Imposter syndrome strikes many creative types. (I write about my own struggles to overcome this nasty complex in an earlier post, and for additional recommended reading, check out this article on the topic from a favorite resource, The Writer’s Edit.) Imposter syndrome in a nutshell: You’re certain everyone will find out how much of a fraud you are, regardless of the experiences and hard work you’ve put in that qualify you for this particular endeavor, and so you just might engage in self-sabotaging behavior. At the very least, you hold yourself back, in whatever what “holding yourself back” manifests in your own life.
But what if you’re early in your creative journey? What if you don’t have the credentials quite yet? What do you do when you experience the feeling of rejection and frustration that comes with the work involved in art, but don’t yet have anything to show for this turmoil? What if you feel like you’re wasting your time?
Real talk: I haven’t had success in creative writing, ever. Sure, I didn’t work too hard at my writing when I was an undergraduate, even though I was enamored with the idea of being a Writer (capital “w” intentional). As an adult, I’m still figuring out how to make room for writing in my life, how to focus my energy, how to handle criticism, how to improve, how to build habits, so that I can write. “Success,” whatever that looks like to me (TBD, obvs), isn’t going to come right now, and maybe never will. Part of me knows that’s OK. I’m not striving to a Writer, the idea of which I encountered at age 20, but a writer in my own way, on a path that’s my own.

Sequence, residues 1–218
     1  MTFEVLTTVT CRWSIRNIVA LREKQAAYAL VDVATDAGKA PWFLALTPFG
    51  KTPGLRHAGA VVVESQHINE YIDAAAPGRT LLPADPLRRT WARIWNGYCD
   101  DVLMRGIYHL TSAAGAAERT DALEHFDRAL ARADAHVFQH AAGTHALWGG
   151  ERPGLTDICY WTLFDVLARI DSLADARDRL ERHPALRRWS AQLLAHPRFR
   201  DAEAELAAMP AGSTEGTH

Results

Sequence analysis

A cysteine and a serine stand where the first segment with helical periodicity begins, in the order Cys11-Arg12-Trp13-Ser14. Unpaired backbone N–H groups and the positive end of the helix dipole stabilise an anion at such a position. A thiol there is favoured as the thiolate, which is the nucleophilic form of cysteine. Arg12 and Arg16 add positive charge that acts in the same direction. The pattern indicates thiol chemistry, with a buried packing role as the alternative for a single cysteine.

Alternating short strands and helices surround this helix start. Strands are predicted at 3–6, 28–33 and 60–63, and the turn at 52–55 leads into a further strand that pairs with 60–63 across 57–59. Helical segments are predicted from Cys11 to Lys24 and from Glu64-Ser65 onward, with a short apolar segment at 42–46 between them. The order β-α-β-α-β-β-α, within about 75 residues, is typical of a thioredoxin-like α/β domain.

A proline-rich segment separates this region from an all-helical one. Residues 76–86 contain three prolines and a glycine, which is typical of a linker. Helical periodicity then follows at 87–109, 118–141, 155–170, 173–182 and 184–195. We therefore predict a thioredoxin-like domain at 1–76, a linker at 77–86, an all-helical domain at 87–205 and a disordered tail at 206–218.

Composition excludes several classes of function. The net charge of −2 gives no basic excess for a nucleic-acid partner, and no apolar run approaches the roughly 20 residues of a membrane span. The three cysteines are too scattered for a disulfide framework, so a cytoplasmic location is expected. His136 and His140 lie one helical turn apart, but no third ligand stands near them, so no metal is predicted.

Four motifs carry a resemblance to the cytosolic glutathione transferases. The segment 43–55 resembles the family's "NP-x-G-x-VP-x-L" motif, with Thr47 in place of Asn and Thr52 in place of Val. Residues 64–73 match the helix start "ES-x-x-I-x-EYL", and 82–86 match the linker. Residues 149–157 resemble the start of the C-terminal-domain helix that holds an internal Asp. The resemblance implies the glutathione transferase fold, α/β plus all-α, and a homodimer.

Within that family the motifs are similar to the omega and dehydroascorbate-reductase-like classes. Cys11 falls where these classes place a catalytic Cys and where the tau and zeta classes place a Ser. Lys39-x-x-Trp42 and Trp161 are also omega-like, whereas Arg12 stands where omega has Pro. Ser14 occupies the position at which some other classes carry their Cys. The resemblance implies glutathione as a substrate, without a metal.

I grapple, though, with whether or not this is all for naught. This work is hard and incredibly time-consuming, even for the uptight schedule-oriented person that I am. All the things I could be doing besides writing fiction in the early mornings or weekend afternoons crosses my mind, striking me in my low, insecure moments. What if I were to start a business (even if it were a loosely structured copywriting business)? What if I were to develop another skill, gain a new hobby? Learned a new language? Got another job? Drove for Lyft? Volunteered more? Experimented with dairy-free/gluten-free baked goods (ugh.)? I don’t have the time to write, creatively, fulltime, but the handful of hours I do spend each week may be lost, pointless, wasted. Does it have to be this way?
What do you all think? What do you do when you’re not seeing the outcomes you want with your creative work?
I don’t know if I have a great answer to these floating concerns: that all my time put into writing is wasted. That I’ll never get anything published. That no one–besides those I’m forcing to do so–will read my work. That I could be doing anything else and that will have been on the surface a more productive endeavor.
But when I think about giving up, never writing anything that falls under the “creative” category ever again, such a proposition seems ridiculous. I can’t imagine not. The answer to the question, deep in my heart, to “what do you want to be when you grow up?” still is, “a writer.” Many of the career moves I’ve made have been with the underlying goal of giving me an opportunity to write, to have the time and energy to do creative work. Ask me now, as I lament and question myself, what’s my dream is, and the answer is still, as it has been since I was a kid, to be a writer. The writing I’ve done lately, in the past year, that’s been rejected and unappreciated and misunderstood and has frustrated the hell out of me, has brought me a joy that I haven’t found since I was in my early 20s and writing sporadically at best. It conjures a magic I’ve never encountered anywhere else. This is what I remind myself of when I doubt myself, when I worry that I’m wasting my time. Nothing else is going to give me this magic. And that’s what I’ve got to remember.